Sunday, October 1, 2017

Shenmue 2 Concept Sketch: "Wharf Near Langhuishan" | Comparison with Released Game

In an interview last year, Yu Suzuki brought along with him copies of several design documents and concept sketches that had been created for Shenmue I and II. Images of these documents were included with the article text but weren't mentioned in the interview itself.

The document we'll be looking at in this post is concept art showing Langhuishan in Guilin, where Ryo heads after leaving Hong Kong towards the end of Shenmue II.


Ryo arrives at Langhuishan.
Ryo arrives at Langhuishan (Shenmue II cutscene).

The small settlement at Langhuishan will be immediately familiar to players who have completed Shenmue II. Located on the bank of the Li River that flows through Guilin, it consists of not much more than a wharf and a handful of small shops and buildings. It is surrounded by steep mountains, with river travel being the easiest method of transportation to reach it.

The map below shows how compact the area is (this graphic was discussed in this earlier post):
Map of Langhuishan
Map of Langhuishan.
The Chinese characters making up the name "Langhuishan" (狼回山) mean "mountain where wolves roam".

This meaning is explained in the game by Shenhua, who tells Ryo about it in the following conversation, as they shelter overnight in a cave:
Ryo: What was that?
Shenhua: Wolves.
Ryo: Wolves... Are they nearby?
Shenhua: Yes, there are many wolves. The name Langhuishan means, Wolves Mountain.
Ryo: I heard that wolves are nocturnal.
Shenhua: Yes, sometimes groups of them attack people at night.
Ryo: People... Aren't you scared?
Shenhua: We'll be fine if we have the fire burning. They would never come near a fire.
(Sidenote: interestingly, the English subtitles have "Langhui Mountain", although in the audio Shenhua says "Langhuishan" - both can be considered correct.)

Concept Sketch: "Wharf Near Langhuishan"

This is the sketch of Langhuishan that Yu Suzuki shared, with the labels translated:
Concept sketch: "Wharf Near Langhuishan"
Concept sketch: "Wharf Near Langhuishan"
With the help of a small hack to allow Ryo to move past the game's normal boundaries, here is a composite panorama view (below) of the same area in the game. [Click to enlarge the image].
The Languishan area in Shenmue II.
The Languishan area in Shenmue II.
They share similar features, with a couple of interesting differences. We'll step through to compare them in more detail.

Comparison: Riverboat

The river boat: concept sketch vs actual game
The river boat: concept sketch vs actual game.
The riverboat can be seen in the foreground, moving along the Li River. Its form closely resembles the one used in the game. One noticeable difference is that the upper level of the boat is covered in the sketch, but is an open deck in the game - perhaps to better show Ryo standing there in the arrival cut scene.

Comparison: Landing Area

Landing area: concept sketch vs actual game
Landing area: concept sketch vs actual game
The wharf in the sketch is fairly simpler and sits low in the water. The area is not very developed and only a single building can be seen, which is marked "wharf management hut." In the game the wharf has been made more substantial and there is a mixture of shops and other structures present.

To the rear of this area, an arrow indicates the path that leads along the tributary, which is the path Ryo follows in the game to reach Bailu village.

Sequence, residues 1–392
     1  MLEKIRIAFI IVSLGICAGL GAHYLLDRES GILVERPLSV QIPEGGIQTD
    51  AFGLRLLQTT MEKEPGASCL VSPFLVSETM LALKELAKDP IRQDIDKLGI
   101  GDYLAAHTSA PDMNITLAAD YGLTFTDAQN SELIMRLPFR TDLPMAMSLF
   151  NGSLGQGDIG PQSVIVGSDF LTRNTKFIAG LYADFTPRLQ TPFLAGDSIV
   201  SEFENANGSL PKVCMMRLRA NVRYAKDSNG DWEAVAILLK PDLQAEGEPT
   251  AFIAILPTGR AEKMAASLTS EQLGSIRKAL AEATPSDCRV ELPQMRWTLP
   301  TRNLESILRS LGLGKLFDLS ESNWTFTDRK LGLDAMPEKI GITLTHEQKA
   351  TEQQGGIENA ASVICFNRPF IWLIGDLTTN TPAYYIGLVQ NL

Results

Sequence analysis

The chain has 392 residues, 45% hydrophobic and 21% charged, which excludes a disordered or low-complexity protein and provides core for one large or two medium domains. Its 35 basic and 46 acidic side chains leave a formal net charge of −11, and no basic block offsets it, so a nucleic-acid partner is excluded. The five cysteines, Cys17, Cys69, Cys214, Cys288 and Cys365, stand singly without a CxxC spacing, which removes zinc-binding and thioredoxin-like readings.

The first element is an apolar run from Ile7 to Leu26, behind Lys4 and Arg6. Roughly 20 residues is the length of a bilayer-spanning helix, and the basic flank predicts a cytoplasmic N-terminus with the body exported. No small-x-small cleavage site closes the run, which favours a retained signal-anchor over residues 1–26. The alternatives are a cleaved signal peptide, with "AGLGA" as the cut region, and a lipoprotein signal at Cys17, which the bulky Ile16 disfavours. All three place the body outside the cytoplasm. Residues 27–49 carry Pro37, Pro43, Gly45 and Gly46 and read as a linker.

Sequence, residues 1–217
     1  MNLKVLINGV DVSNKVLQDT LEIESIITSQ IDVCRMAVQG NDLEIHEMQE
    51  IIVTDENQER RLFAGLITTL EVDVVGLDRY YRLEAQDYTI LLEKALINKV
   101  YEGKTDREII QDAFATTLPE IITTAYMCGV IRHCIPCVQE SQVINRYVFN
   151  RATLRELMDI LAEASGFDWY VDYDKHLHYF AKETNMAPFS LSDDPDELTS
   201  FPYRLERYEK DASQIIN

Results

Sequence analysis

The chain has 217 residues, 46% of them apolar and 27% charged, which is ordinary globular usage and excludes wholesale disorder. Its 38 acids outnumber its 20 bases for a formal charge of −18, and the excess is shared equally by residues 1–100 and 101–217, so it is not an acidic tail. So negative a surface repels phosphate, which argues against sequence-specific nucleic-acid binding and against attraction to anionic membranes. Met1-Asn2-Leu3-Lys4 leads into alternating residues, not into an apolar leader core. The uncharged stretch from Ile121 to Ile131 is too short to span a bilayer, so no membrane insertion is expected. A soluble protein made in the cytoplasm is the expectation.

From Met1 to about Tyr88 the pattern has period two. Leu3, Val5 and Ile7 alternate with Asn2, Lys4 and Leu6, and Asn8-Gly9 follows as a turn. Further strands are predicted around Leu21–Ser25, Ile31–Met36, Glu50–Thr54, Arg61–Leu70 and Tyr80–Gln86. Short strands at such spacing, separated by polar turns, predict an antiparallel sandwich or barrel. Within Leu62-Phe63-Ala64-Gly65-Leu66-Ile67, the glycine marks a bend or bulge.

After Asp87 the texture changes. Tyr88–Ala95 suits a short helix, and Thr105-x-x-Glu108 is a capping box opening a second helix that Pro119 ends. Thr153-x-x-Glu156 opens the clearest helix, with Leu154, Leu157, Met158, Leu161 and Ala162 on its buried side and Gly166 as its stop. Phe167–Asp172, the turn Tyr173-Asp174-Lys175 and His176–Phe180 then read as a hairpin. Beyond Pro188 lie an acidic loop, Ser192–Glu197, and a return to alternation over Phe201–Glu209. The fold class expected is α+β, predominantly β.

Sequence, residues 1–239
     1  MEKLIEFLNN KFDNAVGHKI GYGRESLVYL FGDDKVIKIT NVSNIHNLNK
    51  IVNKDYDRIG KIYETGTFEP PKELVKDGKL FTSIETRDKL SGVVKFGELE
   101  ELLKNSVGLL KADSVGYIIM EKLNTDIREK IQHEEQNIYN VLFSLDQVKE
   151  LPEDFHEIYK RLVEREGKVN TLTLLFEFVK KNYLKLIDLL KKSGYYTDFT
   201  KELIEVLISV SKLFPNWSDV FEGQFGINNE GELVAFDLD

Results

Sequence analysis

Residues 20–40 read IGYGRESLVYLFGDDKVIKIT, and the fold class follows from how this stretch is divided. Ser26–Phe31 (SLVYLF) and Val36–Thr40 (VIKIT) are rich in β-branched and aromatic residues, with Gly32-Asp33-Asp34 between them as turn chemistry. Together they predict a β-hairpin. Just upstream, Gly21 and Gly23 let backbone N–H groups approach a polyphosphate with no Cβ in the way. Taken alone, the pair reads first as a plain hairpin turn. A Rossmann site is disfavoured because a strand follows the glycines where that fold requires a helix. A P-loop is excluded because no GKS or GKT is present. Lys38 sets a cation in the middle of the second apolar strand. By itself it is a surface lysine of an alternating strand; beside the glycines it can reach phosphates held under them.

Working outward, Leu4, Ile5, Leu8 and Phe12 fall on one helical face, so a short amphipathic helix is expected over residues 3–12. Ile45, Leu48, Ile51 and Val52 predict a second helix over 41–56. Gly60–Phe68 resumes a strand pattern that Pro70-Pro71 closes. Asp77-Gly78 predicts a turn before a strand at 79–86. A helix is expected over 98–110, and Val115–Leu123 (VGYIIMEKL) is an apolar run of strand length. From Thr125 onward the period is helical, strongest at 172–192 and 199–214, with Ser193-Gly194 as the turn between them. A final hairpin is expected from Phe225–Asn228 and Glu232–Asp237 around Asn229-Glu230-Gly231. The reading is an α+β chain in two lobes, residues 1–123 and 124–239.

Comparison: Yingshuihe (River of Fireflies)

The tributary that branches off from the Li river is named Yingshuihe (蛍水川). The characters in the name are "firefly water river".

The place where this branches off is not usually directly viewable in the game, but for interest here is a comparison of the view if Ryo moves out of bounds:
The Yingshuihe tributary
The Yingshuihe tributary (left: concept sketch; right: in-game screenshot)
In Shenmue II, Shenhua talks about the Yingshuihe river's name and meaning to Ryo:
Shenhua: It's a song about the landscape of Guilin. The mountains of Guilin glisten after the rain. Clear water flows into the spring which flows into the river of Yingshuihe.
Ryo: Yingshuihe...
Shenhua: It's the river where you saved me.
Ryo: Ah...
Shenhua: In the summer, there are fireflies by the riverside.
Ryo: So the name Yingshuihe means river of fireflies...
Shenhua: Yes.

Comparison: Langhuishan (Wolves Mountain)

The name Langhuishan in the game is used generally as the settlement's name, such as in the loading screen:
The loading screen shown when arriving at the wharf
The loading screen shown when arriving at the wharf.
However the precise location of the actual mountain that gives Langhuishan its name is pinpointed in the sketch.

It is the tall mountain (or mountain range) standing on the far side of the Yingshuihe tributary. In the game, there is a mountain in the equivalent position, although geographically the shape is not an exact match with that in the sketch:

The location of Wolves Mountain: across the tributary
The location of Langhuishan the mountain is across the tributary (left: concept sketch; right: Shenmue II)


The layout of the Langhuishan area in the released game closely reflects the concept drawing, with the main difference being that the landing area was expanded with a larger wharf, extra buildings - it would have made for a rather brief visit for Ryo if there had only been a single hut and NPC to talk to.

And thanks to the sketch we now know exactly which of the mountains is the true "Langhuishan".

Other Design Documents

If you found the details in this sketch interesting, you may also enjoy these other early Shenmue design documents that we have looked at previously in the blog:

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  1. Great work as always Switch! Love reading these at the end of my work week :)

    1. No better place to kick off a weekend than the world of Shenmue! :)